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Responsibility begins with personal accountability…
Learning responsibility is a life process which parents introduce to children. Children have limited awareness for responsibility and are just starting to learn skills necessary to be a responsible person. Children who are given responsibilities for tasks appropriate for their age have greater sense of family belonging. Also, thus they develop belief about significance of their contribution in life.
Learning responsibility means considering feelings of others, treating people fairly, telling the truth even when it means admitting a mistake, doing the right thing even when it is not the way you have imagined and even if it means not getting what you want. Learning responsibility also means developing self-control, appreciating yourself and your accomplishments, being pleased with your own behavior and possibilities and achieving new goals.
Children learn from experience the best, especially by imitation. Most of the time the child will miss to hear what the parent is saying but will imitate parent’s words and behavior unmistakably. By doing what we want our children to do, we make sure they have the best example possible. That is why you need to find a way in your everyday life to show them how the responsibility looks like and how to practice it. Teach your child to accept the responsibility for his or her doings, good or bad. Discuss what you think you do well and what you need to improve.
When you make a mistake, admit it and tell the child what you could have done better. Encourage him or her to take praise for good doings and accept accountability for mistakes. Show the child you trust its ability to accept responsibility. Personal responsibility means that I am responsible and accountable for what I do, feel and want.
By taking child’s responsibility and resolving its ”battles”, we are not sending messages that it is capable to make its own decisions and to have responsibility. Almost always children will do what parents expect of them. It the parents do not expect responsibility and if they do certain things instead of the child, the child will comply.
To teach the child responsibility we need to let it do things that it is capable of. Let him or her cry when sad or angry (which is a perfectly normal reaction) because that is the only way to learn to deal with sorrow or anger. Let him or her dress when competent because that is the only way to learn how to dress him- or herself. If the child says it will do something, let it. It will make mistakes, certainly. But only when it actually makes a mistake can the child learn to set it right.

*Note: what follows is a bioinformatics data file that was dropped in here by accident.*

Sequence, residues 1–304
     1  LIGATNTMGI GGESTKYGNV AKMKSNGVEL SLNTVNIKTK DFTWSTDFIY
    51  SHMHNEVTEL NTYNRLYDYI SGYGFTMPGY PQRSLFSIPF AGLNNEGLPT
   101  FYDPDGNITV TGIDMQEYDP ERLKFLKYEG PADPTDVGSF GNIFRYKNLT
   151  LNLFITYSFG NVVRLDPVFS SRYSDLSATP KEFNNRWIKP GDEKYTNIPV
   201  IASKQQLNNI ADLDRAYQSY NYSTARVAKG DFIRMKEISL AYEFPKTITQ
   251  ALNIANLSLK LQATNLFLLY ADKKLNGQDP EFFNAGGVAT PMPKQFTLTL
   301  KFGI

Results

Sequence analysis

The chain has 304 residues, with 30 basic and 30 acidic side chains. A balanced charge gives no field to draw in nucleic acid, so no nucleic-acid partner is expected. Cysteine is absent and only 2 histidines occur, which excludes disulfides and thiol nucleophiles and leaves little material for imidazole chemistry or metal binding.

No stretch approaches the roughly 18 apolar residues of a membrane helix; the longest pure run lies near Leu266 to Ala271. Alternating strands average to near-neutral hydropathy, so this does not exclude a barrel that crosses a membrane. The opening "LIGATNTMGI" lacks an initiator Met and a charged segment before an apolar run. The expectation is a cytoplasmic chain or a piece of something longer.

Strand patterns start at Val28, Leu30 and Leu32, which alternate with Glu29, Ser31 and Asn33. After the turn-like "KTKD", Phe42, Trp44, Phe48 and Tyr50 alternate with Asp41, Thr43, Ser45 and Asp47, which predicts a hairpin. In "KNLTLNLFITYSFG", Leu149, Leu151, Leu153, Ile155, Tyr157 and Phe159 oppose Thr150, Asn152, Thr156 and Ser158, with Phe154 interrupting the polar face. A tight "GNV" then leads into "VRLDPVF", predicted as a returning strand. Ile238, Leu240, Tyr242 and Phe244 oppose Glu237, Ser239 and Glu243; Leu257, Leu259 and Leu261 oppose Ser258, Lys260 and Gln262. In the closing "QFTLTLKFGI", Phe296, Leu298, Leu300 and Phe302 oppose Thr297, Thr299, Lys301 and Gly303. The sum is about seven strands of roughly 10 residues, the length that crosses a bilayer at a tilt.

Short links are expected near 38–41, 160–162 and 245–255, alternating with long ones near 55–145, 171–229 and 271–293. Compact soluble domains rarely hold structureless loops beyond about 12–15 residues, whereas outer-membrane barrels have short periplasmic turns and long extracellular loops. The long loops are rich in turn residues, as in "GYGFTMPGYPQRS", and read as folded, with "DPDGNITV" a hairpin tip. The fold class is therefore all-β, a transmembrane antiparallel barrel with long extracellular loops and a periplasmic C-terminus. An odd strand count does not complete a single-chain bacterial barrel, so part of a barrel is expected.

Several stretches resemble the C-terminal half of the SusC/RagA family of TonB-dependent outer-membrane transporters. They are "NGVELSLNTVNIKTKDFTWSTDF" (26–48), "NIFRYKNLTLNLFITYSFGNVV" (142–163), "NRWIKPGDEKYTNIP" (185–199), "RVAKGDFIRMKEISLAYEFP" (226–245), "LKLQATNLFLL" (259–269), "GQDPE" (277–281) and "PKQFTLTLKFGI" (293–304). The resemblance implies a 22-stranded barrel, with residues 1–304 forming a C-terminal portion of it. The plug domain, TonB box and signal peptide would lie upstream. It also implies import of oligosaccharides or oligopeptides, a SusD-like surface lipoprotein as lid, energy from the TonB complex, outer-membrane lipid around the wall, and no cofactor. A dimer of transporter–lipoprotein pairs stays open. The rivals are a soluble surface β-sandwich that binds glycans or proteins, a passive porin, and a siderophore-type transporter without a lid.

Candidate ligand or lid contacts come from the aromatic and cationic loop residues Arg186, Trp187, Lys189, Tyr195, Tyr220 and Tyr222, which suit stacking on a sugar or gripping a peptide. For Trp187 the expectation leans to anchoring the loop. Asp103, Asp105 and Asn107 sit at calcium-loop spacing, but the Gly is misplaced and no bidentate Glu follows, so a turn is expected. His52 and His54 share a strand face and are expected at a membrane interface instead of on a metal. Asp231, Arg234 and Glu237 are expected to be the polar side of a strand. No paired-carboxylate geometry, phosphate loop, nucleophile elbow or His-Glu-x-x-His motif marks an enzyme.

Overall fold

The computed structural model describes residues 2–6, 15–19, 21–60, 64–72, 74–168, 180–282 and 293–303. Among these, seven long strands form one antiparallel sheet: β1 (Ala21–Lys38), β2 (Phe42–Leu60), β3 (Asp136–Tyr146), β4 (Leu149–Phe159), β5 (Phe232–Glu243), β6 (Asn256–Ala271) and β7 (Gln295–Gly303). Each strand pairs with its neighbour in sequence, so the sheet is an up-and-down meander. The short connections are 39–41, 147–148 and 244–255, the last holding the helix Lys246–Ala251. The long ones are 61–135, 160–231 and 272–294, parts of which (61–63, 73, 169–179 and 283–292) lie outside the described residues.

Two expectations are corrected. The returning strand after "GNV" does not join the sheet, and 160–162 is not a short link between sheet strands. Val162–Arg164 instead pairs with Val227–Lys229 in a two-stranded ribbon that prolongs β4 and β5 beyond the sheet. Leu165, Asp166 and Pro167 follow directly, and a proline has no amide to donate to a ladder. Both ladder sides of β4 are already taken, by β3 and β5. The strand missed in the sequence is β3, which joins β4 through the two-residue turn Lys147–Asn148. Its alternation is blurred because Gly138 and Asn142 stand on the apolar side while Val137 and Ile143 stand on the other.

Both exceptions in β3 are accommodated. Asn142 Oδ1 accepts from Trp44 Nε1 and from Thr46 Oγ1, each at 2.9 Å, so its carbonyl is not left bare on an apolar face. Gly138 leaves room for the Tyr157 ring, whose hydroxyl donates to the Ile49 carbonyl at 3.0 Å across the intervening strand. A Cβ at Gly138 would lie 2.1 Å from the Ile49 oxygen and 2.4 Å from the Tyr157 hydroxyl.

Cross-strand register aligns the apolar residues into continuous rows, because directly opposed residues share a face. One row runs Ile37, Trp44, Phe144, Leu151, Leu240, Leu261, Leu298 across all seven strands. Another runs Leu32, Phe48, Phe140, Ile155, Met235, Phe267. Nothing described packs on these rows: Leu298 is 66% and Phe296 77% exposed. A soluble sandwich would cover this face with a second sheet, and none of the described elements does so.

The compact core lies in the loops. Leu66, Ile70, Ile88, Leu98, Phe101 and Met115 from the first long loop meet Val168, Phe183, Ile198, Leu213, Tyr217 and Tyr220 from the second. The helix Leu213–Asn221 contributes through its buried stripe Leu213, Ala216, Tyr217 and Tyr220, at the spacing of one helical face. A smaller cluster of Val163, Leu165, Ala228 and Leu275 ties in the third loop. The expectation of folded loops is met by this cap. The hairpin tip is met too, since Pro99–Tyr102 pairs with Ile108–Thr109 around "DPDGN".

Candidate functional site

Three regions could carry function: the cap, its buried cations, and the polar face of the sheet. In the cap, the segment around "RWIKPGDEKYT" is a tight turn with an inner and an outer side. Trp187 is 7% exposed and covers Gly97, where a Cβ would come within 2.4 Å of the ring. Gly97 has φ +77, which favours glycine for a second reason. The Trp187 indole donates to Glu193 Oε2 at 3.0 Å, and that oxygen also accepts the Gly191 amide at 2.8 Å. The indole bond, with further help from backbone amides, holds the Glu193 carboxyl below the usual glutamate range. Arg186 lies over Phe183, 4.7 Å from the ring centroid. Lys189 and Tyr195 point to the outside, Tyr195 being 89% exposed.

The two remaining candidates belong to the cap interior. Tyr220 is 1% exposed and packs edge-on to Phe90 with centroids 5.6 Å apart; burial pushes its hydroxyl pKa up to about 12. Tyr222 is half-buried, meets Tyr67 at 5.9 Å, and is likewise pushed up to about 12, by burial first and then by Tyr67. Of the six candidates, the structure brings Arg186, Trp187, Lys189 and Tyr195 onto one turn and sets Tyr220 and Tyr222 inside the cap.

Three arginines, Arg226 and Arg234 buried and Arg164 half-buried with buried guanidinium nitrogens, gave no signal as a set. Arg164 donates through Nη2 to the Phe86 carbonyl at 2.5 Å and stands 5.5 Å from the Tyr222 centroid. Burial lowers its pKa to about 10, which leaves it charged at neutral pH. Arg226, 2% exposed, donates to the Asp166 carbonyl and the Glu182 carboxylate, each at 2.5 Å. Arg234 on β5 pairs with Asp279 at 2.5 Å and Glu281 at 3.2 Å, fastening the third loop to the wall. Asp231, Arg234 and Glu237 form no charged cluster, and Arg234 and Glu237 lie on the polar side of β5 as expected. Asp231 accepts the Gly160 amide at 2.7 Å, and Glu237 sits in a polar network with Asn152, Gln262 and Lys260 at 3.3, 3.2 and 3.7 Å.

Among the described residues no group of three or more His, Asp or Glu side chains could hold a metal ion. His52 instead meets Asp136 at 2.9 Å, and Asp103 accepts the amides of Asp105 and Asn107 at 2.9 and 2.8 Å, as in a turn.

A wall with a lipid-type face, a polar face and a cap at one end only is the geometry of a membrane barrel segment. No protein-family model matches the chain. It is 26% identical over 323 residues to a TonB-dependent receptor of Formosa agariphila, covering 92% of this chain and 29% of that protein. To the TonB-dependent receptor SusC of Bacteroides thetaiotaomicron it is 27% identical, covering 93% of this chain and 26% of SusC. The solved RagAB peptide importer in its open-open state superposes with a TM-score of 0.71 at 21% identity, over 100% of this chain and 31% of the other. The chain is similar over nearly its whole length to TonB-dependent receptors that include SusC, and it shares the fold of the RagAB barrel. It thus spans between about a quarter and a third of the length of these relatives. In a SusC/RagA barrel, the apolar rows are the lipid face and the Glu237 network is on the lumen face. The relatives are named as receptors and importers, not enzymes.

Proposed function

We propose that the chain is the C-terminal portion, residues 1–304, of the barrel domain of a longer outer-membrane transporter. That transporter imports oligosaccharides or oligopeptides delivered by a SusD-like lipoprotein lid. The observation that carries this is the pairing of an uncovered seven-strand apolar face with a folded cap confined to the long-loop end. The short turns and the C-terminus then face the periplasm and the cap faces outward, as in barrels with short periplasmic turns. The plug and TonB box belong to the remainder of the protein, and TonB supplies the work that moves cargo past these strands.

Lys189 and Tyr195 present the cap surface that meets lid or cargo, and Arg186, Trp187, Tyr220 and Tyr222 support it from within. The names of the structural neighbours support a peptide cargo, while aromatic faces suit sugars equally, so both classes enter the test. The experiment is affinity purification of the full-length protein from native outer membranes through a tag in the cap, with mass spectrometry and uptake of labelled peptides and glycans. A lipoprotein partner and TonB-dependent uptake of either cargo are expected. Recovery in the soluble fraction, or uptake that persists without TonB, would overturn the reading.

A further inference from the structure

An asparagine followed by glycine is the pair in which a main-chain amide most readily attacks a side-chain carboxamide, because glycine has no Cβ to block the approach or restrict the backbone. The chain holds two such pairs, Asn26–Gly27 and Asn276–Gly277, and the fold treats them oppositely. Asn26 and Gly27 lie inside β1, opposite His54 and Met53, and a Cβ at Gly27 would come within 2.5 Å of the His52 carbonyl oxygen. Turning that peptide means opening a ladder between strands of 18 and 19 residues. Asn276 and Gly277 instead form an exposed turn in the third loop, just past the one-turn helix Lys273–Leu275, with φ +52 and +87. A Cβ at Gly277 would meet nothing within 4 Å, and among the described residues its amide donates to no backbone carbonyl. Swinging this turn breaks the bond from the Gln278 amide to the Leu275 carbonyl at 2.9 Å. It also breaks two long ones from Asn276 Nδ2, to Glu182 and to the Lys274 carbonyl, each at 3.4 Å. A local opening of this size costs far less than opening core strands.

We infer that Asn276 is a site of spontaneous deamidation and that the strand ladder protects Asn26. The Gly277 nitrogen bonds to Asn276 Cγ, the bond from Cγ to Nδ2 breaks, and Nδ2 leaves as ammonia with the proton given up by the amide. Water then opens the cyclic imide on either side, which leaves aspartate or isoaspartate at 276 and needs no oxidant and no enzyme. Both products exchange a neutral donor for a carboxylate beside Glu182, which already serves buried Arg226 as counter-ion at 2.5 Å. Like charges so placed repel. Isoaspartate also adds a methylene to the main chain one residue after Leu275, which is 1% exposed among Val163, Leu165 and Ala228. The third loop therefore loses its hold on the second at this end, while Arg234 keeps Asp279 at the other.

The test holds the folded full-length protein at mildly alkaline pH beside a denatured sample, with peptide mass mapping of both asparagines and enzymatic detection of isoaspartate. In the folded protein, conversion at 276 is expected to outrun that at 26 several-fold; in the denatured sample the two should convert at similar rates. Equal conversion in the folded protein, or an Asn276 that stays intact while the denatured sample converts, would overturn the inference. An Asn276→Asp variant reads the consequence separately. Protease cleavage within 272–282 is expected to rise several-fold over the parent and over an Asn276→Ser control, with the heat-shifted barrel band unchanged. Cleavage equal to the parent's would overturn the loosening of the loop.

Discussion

What to do to help children succeed in carrying out their responsibilities:
Chores, tasks and expectations need to meet their age and stage of development. Children cannot do the tasks they are not ready for yet.
To successfully carry out a task, children need help and constant reminders. Most of the children will not be able to completely fulfill everyday chores like putting the clothes on without reminding them or supervision until ten years old.
Tasks need to be doable and bigger tasks simplified and broken into steps so child can easily understand and learn.
Children will have difficulties learning responsibility when:
- They do everyday chores out of fear of punishment or detention.
- When they are not allowed to face the consequences of their own actions.
- When they are often ‘saved’ from uncomfortable situations, even when it is not really necessary.
- Children that lose focus easily will perhaps need longer to learn to fulfill their duties.
- Children will willingly help in new and unfamiliar tasks but may lose interest in repetitive tasks.
Assigning them real chores that help the family can encourage them to do even more. It also provides them with the sense of accomplishment and competence.
Learning responsibility is a process. Be persistent!
Prepared by prof. Mihaela Čunčić, pedagogue
Velika Mlaka Primary School, February 2013
Translated by Martina Horvat
“Young Boy Holding Alarm Clock”- Image courtesy of stockimages / FreeDigitalPhotos.net
“Mother Playing With Daughter” - Image courtesy of Ambro / FreeDigitalPhotos.net